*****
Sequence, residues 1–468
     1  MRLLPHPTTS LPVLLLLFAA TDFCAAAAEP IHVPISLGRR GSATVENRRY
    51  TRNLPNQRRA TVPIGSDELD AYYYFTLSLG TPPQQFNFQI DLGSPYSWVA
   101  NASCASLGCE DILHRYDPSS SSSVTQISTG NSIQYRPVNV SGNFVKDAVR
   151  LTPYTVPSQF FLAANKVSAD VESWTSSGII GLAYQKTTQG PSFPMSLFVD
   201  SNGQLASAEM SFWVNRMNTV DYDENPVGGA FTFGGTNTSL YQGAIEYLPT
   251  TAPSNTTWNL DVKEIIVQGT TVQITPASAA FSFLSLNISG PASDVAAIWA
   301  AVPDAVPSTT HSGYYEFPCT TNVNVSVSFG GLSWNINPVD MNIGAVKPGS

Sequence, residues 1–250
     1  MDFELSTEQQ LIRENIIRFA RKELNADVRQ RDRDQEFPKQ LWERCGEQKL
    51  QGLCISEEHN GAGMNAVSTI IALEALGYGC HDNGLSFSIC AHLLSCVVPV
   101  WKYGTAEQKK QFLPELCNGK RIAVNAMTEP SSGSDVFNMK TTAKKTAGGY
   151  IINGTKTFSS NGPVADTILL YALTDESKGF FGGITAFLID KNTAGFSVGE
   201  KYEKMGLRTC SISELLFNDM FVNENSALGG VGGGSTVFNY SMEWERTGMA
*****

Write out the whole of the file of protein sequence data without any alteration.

Sequence, residues 1–468
     1  MRLLPHPTTS LPVLLLLFAA TDFCAAAAEP IHVPISLGRR GSATVENRRY
    51  TRNLPNQRRA TVPIGSDELD AYYYFTLSLG TPPQQFNFQI DLGSPYSWVA
   101  NASCASLGCE DILHRYDPSS SSSVTQISTG NSIQYRPVNV SGNFVKDAVR
   151  LTPYTVPSQF FLAANKVSAD VESWTSSGII GLAYQKTTQG PSFPMSLFVD
   201  SNGQLASAEM SFWVNRMNTV DYDENPVGGA FTFGGTNTSL YQGAIEYLPT
   251  TAPSNTTWNL DVKEIIVQGT TVQITPASAA FSFLSLNISG PASDVAAIWA
   301  AVPDAVPSTT HSGYYEFPCT TNVNVSVSFG GLSWNINPVD MNIGAVKPGS

Sequence, residues 1–250
     1  MDFELSTEQQ LIRENIIRFA RKELNADVRQ RDRDQEFPKQ LWERCGEQKL
    51  QGLCISEEHN GAGMNAVSTI IALEALGYGC HDNGLSFSIC AHLLSCVVPV
   101  WKYGTAEQKK QFLPELCNGK RIAVNAMTEP SSGSDVFNMK TTAKKTAGGY
   151  IINGTKTFSS NGPVADTILL YALTDESKGF FGGITAFLID KNTAGFSVGE
   201  KYEKMGLRTC SISELLFNDM FVNENSALGG VGGGSTVFNY SMEWERTGMA